The Taleban make profits from opium in southern strongholds
Afghan President Hamid Karzai is obstructing efforts to tackle his country's drugs problem, a former US counter-narcotics official has said.
Thomas Schweich said Mr Karzai had protected drug lords for political reasons and tolerated "a certain level of corruption" rather than lose power.
He said the former attorney general had told him the president had prevented the prosecution of some 20 officials.
Mr Karzai has denied the claims, saying his government had cut drug production.
"Nobody has done as well as us in the last seven years in the field of counter-narcotics," he told reporters.
The president said his government had eradicated or greatly reduced drug production in more than half of the country's provinces.
But Mr Schweich, who until June was the US state department's co-ordinator for counter-narcotics and justice reform in Afghanistan, said such claims "ignore reality".
"The poppy cultivation right now is up and around 200,000 hectares - that's the biggest narco-crop in history," he told the BBC.
"The fact that it's become concentrated in five or six provinces doesn't change the fact that you have a massive, massive opium problem."
He added: "The attorney general, who was just fired, told me he had a list of 20 corrupt officials who he was not allowed to prosecute."
Mr Schweich also echoed claims that Nato and US commanders had been reluctant to get involved in fighting drugs, fearing that destroying farmers' crops would alienate tribesmen in the south and increase support for the insurgents.
Mr Karzai has said he plans to run for office again next year
"[Mr Karzai] perceives that there are certain people he cannot crack down on and that it is better to tolerate a certain level of corruption than to take an aggressive stand and lose power," he added.
But Mr Karzai denied his supporters were involved in smuggling.
"I don't blame Afghans for drugs smuggling. They may do it due to helplessness and there may be only a few of them," he said.
In an article in the New York Times Magazine on Sunday, Mr Schweich also accused the US defence department and military commanders from its Nato ally Britain of obstructing attempts to eradicate the opium crop.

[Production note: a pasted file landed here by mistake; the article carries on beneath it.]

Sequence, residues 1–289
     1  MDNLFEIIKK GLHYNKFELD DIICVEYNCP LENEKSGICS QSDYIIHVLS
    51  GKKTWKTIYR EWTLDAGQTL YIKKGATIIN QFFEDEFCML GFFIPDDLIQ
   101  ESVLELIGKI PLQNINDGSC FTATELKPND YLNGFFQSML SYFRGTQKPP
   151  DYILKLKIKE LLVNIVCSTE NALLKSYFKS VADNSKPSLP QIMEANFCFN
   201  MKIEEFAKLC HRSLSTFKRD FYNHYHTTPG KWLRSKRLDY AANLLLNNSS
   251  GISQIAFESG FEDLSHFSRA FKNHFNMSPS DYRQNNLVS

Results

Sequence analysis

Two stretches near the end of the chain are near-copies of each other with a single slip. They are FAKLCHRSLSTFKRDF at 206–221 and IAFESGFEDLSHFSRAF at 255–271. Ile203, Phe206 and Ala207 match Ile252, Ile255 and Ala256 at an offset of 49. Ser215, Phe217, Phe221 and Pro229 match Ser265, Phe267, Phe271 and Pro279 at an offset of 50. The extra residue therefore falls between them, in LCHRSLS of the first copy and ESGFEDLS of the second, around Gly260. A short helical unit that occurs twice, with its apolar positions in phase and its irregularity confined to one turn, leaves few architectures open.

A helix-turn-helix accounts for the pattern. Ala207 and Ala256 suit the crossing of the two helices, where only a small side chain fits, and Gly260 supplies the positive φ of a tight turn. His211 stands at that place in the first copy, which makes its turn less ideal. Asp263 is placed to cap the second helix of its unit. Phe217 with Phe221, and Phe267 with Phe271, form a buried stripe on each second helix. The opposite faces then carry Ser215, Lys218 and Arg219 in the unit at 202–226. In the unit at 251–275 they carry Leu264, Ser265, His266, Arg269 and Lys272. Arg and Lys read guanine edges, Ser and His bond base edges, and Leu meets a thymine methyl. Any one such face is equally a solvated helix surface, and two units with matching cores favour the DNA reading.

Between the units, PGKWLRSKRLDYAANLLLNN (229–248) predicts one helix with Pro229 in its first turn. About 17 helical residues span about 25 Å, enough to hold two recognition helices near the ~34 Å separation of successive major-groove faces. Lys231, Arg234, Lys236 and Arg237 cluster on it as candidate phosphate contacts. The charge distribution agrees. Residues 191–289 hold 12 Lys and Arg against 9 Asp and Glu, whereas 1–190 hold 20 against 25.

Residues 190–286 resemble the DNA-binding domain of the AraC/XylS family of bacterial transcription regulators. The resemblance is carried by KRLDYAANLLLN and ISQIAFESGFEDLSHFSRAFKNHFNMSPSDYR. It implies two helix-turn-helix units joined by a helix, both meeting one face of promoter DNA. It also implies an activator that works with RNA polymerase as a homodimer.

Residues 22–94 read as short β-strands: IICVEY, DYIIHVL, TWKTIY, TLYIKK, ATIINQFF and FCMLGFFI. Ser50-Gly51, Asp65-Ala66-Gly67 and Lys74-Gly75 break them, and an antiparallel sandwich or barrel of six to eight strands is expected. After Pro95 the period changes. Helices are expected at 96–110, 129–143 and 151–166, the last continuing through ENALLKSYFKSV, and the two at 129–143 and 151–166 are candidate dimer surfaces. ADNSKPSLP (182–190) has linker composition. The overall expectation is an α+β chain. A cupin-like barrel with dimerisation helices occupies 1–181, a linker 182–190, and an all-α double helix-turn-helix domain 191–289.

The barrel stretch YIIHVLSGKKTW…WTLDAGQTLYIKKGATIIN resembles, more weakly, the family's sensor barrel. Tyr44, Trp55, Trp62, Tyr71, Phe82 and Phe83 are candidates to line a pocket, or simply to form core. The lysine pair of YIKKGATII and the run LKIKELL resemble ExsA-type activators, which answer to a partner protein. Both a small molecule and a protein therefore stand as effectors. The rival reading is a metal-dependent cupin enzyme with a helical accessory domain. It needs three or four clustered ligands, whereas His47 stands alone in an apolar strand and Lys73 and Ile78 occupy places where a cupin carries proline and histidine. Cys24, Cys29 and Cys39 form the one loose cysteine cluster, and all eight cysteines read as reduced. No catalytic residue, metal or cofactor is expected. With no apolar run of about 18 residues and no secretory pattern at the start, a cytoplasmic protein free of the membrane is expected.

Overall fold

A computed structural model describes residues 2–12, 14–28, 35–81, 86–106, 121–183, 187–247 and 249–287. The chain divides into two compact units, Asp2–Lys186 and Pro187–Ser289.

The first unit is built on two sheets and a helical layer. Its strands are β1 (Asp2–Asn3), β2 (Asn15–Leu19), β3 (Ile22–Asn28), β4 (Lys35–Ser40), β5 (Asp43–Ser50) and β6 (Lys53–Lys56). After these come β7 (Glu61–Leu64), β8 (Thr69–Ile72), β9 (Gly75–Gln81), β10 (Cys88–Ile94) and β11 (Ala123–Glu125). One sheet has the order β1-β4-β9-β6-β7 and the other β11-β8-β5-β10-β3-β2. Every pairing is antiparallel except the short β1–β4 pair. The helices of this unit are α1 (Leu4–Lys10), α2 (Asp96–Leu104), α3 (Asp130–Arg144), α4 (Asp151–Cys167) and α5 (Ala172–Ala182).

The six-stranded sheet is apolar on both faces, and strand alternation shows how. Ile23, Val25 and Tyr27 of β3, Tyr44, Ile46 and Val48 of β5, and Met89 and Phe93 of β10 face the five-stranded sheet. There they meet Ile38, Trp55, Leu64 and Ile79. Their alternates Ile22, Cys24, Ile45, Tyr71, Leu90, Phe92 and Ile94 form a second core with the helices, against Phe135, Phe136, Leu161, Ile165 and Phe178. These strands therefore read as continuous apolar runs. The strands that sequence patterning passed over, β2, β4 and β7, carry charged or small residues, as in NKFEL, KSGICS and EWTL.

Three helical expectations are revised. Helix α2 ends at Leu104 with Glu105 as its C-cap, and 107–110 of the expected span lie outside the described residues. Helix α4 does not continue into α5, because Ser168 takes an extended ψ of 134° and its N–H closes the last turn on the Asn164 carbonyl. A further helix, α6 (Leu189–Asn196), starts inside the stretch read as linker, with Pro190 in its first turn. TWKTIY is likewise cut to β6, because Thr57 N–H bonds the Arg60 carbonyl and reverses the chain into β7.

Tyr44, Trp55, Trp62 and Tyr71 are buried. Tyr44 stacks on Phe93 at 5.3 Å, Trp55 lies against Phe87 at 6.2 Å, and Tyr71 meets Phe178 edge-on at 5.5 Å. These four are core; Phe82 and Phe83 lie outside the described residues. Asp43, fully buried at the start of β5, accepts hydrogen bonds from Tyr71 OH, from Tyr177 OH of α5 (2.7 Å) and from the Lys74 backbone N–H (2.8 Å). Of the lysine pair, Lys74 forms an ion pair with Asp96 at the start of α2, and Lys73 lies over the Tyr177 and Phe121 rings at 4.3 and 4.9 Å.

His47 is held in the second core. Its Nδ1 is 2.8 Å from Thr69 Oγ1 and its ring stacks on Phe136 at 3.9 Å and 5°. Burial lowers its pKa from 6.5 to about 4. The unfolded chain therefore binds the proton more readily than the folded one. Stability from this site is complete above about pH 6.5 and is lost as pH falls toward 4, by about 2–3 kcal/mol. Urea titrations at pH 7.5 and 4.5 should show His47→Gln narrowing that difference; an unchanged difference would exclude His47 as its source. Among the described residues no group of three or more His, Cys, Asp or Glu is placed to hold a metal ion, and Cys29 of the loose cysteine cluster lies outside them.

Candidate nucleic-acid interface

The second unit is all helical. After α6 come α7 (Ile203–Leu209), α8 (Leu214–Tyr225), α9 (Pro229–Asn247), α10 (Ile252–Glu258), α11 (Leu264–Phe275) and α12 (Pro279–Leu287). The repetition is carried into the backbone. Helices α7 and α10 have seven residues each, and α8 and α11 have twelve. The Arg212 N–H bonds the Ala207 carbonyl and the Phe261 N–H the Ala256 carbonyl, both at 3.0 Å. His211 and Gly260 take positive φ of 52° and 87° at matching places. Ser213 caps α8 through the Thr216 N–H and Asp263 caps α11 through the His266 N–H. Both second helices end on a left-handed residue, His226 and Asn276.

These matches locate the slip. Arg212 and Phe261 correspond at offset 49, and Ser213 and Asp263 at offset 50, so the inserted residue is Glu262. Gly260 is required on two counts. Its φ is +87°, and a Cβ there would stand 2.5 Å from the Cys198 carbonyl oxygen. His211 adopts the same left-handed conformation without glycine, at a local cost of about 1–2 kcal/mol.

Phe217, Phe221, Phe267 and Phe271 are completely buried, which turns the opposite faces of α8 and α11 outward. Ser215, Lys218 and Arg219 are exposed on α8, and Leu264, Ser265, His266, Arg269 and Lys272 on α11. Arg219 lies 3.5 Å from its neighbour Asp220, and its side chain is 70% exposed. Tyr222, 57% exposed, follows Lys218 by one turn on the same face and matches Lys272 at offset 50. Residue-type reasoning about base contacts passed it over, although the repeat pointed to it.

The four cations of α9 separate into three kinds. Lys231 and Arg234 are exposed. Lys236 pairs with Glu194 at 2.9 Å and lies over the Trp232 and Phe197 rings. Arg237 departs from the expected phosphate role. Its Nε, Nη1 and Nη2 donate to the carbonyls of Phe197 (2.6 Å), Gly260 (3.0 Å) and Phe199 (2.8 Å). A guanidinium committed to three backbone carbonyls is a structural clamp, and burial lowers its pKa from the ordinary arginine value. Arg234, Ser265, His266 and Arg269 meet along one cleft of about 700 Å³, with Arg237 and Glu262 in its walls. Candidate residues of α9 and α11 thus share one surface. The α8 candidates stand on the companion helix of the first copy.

"Some of our Nato allies have resisted the anti-opium offensive, as has our own Defense Department, which tends to see counter-narcotics as other people's business to be settled once the war-fighting is over," he wrote.
Mr Schweich claimed Britain had urged Mr Karzai to reject a US state department plan to stamp out poppy cultivation.
"Although Britain's foreign office strongly backed anti-narcotics efforts (with the exception of aerial eradication), the British military were even more hostile to the anti-drug mission than the US military," he wrote. The claims come as Mr Karzai prepares to run for another term in office in next year's Afghan presidential elections.
Mr Schweich wrote: "Karzai was playing us like a fiddle. The US would spend billions of dollars on infrastructure development; the US and its allies would fight the Taleban; Karzai's friends could get richer off the drug trade; he could blame the West for his problems; and in 2009 he would be elected to a new term."
The United Nations says that enough opium was produced last year in Afghanistan to make more than 880 tonnes of heroin with a street value of $4bn (£2bn).
A British Foreign Office spokesman said: "Drugs pose a threat to the future of Afghanistan, and the UK is one of the leaders in international efforts to combat the narcotics trade.
"We are committed for the long haul in this challenging endeavour, through a two-pronged approach, to tackle both supply and demand."
A US state department spokesman defended the country's support of President Karzai, saying he was working to help improve the plight of Afghanistan.
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